Borderlands (Zev Berman, 2007): 6.5/10

The Magic Flute (Ingmar Bergman, 1975): 7/10

La Guerre Est Finie (Alain Resnais, 1966): 7/10

Speed Racer (The Wachowski Brothers, 2008): 8/10

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Location: milwaukee, wi

Saturday, April 07, 2007

Planet Terror (Robert Rodriguez, 2007)

As you probably would expect, I took in the first possible showing of Grindhouse yesterday (thank God for flex time on Fridays). I think it's too hefty of an undertaking to talk about both of the films at once (although most print reviews have done so, and rightfully, I think), so today, I will talk about my favorite of the two, Robert Rodriguez's Planet Terror.

Again, most print reviews I've read have said that PT is the weaker of the two movies, I definitely disagree. Neither inappropriately campy nor cartoonish, both accusations I have heard, it stars a smoking Rose McGowan as Cherry Darling, go-go dancer turned zombie killer, and Freddy Rodriguez as El Wray, her former lover and head zombie fighter. Although, to be truthful, they aren't really zombies, but have instead been infected by some kind of chemical weapon. Or something. That's one of my favorite part about exploitation films: nothing has to be concretely explained. The fun is in getting wrapped up in the story, something Rodriguez clearly is playing with in his missing reel. Also joining the zombie fighting is Marley Shelton, as Dr. Block, and other fun characters, including the insane Mexican babysitting twins. Lots of people, lots of guns. The bad guys, most notably Bruce Willis and Quentin Tarantino, are grotesque fun, especially when their bodies are melting or something like that. Naveen Andrews, from Lost (a show I've never even seen!), is particularly great as the scientists who collects an interesting prize from his enemies.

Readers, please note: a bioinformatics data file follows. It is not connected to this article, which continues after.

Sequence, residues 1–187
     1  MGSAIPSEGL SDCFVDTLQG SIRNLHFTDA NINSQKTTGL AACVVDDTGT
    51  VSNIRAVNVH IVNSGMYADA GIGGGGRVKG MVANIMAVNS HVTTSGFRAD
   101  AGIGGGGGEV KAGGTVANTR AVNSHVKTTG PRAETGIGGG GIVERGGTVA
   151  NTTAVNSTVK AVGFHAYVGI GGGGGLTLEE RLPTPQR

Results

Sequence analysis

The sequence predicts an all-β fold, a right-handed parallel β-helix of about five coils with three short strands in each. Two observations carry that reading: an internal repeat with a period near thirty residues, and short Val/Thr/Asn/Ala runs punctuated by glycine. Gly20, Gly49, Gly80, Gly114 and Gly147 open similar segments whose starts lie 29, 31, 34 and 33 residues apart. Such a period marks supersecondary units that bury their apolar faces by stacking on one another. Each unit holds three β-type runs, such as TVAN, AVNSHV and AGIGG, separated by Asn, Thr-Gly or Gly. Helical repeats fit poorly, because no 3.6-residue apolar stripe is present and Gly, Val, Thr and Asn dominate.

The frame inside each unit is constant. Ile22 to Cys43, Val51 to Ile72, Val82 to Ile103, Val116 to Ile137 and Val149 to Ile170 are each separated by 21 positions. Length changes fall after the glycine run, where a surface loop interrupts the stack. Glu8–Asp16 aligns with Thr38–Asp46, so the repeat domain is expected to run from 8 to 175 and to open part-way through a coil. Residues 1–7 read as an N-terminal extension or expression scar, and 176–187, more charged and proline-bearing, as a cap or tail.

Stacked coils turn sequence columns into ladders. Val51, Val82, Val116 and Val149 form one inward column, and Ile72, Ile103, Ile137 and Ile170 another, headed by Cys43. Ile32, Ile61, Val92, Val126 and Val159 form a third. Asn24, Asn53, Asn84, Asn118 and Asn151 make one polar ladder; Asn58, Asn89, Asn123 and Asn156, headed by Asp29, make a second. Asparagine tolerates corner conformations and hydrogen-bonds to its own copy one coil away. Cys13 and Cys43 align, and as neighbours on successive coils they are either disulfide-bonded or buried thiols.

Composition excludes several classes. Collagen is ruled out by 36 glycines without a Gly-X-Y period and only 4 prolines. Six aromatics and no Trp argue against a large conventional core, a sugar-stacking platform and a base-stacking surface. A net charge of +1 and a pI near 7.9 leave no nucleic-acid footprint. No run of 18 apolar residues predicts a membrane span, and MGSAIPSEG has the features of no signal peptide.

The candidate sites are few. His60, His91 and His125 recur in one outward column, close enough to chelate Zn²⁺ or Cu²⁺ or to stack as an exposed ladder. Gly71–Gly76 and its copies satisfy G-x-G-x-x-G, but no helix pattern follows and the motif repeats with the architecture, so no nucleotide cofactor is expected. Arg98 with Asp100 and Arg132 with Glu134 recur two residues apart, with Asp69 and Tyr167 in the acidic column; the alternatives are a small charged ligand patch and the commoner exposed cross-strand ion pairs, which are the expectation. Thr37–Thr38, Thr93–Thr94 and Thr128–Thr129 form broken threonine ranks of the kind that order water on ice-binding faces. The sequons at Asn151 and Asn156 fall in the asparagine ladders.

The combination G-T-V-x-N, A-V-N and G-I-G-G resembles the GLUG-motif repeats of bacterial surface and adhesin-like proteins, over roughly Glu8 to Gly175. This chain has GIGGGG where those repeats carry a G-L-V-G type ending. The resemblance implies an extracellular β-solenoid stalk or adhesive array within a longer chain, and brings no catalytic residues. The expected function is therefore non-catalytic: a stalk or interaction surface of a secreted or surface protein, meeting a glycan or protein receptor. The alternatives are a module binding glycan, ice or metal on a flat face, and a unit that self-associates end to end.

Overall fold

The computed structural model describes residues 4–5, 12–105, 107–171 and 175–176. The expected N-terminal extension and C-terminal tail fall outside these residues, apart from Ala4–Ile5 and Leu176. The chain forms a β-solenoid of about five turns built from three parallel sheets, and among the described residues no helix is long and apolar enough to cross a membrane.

All of these elements - sex, violence, melting flesh, even some political commentary - add up to a fun time in the theater, one that had me jumping, cheering (inwardly), and even feeling like I might puke. Everything you want from a zombie exploitation film. Throughout the homage, as well, there's always the distinct feeling that this is a Rodriguez picture, from the sin City-esque opening sequence with Cherry Darling dancing, to the score, composed by the man himself and basically the same as his other scores. This is pure expolitation fun, right down to the last shot, which is as authentic as it comes. Were more movies like this...


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